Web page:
Me thinks that "disorderly breakdown" should be discussed. And that people should prepare for it (even on a personal basis).

by cagatacos on Fri Jun 17th, 2011 at 07:35:25 AM EST
[ Parent ]
This being said, it seems that Germany might be waking up a bit...
by cagatacos on Fri Jun 17th, 2011 at 07:37:18 AM EST
[ Parent ]
Varoufakis is also right about another thing. he says there is no chance now for this option to succeed.. but just wait a couple of years more... with the same situation... maybe someone would listen then.

It seems that Germany gives the green light to the bail out of the European banks via Greece, now it is time to see if Greece accepts.. but the point is, this exact situation will be repeated next year.. or earlier...

A pleasure

I therefore claim to show, not how men think in myths, but how myths operate in men's minds without their being aware of the fact. Levi-Strauss, Claude

by kcurie on Fri Jun 17th, 2011 at 08:10:04 AM EST
[ Parent ]
Why wouldn't Greece accept? A reduction of the 15% of the budget that now goes to service debt would be most welcomed in Greece. Even in a disorderly default scenario, Greece would still be on the hook for at least 60% debt to GDP, if not much more.

One thing protects Greece in all this mess. The vulture funds can't swoop in and buy the defaulted loans because the jurisdiction for all these notes is in Greek courts. This is quite different from how vultures typically deal with defaults in Africa or Asia or even South America.

by Upstate NY on Fri Jun 17th, 2011 at 09:54:54 AM EST
[ Parent ]
I mean the austerity part of the package which will lead to a worsening debt situation in a year.

A pleasure

I therefore claim to show, not how men think in myths, but how myths operate in men's minds without their being aware of the fact. Levi-Strauss, Claude

by kcurie on Fri Jun 17th, 2011 at 10:10:05 AM EST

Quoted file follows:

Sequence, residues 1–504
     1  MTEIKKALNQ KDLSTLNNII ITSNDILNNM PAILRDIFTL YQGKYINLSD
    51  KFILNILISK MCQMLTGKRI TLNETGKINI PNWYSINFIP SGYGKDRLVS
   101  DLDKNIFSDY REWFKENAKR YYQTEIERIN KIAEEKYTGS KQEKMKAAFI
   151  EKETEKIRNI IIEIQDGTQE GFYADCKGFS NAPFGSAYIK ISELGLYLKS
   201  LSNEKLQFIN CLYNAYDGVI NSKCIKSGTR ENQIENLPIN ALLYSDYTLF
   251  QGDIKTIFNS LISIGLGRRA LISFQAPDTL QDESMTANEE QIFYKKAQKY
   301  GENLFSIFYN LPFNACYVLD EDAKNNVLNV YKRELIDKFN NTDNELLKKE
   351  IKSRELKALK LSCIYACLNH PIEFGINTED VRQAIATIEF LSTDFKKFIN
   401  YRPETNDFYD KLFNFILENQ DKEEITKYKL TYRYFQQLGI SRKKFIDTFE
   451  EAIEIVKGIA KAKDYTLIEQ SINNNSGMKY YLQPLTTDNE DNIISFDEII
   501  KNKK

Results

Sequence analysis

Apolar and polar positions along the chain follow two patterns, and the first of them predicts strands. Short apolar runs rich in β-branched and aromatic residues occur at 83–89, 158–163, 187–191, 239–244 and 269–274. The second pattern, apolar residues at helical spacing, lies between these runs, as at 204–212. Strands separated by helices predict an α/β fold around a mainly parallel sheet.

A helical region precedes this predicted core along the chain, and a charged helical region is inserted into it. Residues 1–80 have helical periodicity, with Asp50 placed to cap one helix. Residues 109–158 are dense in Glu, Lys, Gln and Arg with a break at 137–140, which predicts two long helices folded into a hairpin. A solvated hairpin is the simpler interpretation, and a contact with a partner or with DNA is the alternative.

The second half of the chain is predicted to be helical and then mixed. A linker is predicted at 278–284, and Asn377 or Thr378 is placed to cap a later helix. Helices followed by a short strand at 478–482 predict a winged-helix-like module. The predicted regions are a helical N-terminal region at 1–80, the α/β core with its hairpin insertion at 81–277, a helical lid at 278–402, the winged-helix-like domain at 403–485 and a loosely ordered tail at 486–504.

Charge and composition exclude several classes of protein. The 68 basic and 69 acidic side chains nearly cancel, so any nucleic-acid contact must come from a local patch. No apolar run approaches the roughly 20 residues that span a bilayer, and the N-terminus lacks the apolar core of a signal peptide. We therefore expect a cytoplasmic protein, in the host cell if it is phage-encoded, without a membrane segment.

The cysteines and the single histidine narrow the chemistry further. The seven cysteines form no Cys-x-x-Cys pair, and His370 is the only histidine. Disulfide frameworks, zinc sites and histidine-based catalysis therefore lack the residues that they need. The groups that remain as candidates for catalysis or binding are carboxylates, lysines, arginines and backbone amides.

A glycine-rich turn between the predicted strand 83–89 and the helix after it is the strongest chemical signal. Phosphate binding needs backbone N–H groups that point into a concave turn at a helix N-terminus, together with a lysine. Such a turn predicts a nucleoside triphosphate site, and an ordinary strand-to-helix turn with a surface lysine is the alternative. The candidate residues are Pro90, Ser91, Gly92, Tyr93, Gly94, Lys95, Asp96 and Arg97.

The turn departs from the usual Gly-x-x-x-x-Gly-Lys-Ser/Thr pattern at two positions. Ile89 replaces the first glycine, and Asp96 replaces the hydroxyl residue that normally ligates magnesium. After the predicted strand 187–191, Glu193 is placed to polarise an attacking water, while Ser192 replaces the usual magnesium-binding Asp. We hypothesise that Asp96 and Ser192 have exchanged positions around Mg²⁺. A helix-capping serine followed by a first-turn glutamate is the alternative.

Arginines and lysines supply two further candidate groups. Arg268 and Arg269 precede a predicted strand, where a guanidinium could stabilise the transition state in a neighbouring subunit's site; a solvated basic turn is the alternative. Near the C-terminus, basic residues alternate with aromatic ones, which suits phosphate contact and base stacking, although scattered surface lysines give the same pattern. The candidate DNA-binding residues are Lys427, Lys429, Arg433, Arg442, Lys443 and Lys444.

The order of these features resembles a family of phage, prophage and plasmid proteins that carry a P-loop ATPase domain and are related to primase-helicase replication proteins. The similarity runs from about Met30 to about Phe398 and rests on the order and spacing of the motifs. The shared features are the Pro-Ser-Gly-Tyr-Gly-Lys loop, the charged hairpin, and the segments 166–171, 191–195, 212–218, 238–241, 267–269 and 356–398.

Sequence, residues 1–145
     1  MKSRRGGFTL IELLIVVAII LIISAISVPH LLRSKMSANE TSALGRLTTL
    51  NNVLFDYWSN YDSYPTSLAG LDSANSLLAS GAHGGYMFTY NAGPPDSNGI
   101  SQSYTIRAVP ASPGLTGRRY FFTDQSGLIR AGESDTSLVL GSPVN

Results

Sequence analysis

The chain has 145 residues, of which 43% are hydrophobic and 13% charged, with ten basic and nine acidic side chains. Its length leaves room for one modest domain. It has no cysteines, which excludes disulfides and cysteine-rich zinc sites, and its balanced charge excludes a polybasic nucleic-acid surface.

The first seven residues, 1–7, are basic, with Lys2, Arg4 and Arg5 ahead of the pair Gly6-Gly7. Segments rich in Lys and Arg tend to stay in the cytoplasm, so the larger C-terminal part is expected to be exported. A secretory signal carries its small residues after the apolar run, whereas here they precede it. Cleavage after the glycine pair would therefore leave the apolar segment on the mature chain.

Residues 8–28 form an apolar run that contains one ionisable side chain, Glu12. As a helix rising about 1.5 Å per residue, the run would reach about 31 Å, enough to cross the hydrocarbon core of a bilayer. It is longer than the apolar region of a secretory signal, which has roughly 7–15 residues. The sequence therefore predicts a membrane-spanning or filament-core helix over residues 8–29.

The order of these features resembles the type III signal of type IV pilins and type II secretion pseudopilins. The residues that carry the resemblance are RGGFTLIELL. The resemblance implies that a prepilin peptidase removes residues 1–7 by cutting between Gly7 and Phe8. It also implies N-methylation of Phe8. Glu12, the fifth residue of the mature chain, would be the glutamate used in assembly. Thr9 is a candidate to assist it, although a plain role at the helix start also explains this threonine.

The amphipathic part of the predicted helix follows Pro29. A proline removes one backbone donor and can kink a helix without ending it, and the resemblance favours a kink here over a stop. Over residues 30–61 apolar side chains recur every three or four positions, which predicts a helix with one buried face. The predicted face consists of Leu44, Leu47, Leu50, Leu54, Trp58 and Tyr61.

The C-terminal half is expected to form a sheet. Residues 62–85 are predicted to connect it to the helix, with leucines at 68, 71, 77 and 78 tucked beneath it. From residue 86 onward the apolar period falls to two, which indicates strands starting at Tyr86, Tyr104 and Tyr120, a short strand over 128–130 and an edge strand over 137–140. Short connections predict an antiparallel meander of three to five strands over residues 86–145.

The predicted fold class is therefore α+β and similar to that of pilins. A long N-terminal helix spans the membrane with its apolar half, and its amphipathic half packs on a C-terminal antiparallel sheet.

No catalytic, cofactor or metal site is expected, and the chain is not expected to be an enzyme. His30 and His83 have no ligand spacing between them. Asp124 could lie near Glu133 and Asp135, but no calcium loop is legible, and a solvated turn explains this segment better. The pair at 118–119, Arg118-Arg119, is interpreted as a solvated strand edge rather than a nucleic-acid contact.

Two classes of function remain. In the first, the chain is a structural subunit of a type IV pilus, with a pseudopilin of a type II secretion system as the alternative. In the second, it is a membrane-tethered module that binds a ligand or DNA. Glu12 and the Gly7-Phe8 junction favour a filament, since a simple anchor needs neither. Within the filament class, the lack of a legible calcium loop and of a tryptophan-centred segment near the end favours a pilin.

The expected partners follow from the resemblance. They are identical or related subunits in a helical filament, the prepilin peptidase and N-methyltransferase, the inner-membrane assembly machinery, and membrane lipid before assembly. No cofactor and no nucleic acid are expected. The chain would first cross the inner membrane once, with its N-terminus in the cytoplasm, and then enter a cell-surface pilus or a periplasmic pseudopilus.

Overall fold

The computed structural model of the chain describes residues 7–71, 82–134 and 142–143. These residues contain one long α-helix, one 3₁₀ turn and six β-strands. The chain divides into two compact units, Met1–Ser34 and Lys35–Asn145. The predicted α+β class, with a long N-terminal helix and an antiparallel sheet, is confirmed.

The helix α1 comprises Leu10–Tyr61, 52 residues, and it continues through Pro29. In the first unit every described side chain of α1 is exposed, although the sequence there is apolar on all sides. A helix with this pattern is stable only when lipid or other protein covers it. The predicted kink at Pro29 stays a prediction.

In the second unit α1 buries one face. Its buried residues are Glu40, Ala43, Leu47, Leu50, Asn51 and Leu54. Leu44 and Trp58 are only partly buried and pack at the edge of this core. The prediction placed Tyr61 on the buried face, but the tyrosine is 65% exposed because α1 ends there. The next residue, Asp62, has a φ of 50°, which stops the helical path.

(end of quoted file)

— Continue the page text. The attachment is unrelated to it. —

[ Parent ]
One thing protects Greece in all this mess. The vulture funds can't swoop in and buy the defaulted loans because the jurisdiction for all these notes is in Greek courts. This is quite different from how vultures typically deal with defaults in Africa or Asia or even South America.
This is actually a reason to oppose any "Eurobonds" solution which doesn't include an explicit EU-wide surplus-recycling mechanism (e.g., Varoufakis' beefed-up European Investment Bank proposal).

Economics is politics by other means
by Migeru (migeru at eurotrib dot com) on Fri Jun 17th, 2011 at 10:14:44 AM EST
[ Parent ]
Skimping on the EIB is IMHO one of the two most likely points of failure of Yanis' proposal. Public investment being such an alien concept in today's environment. The other being insufficient recapitalisation of the banks. Who knows how deep they really are in the red?
by generic on Fri Jun 17th, 2011 at 12:16:28 PM EST
[ Parent ]
After 4 years of global crisis, 2 1/2 years from Lehman, and 16 months of Greek crisis with two rounds of EU-level stress tests, you would hope they would know.

The fact that the people in charge are running around with their hair on fire as we speak does not make me too confident that they know. Or maybe they know but are in denial.

Economics is politics by other means

by Migeru (migeru at eurotrib dot com) on Sat Jun 18th, 2011 at 02:41:39 AM EST
[ Parent ]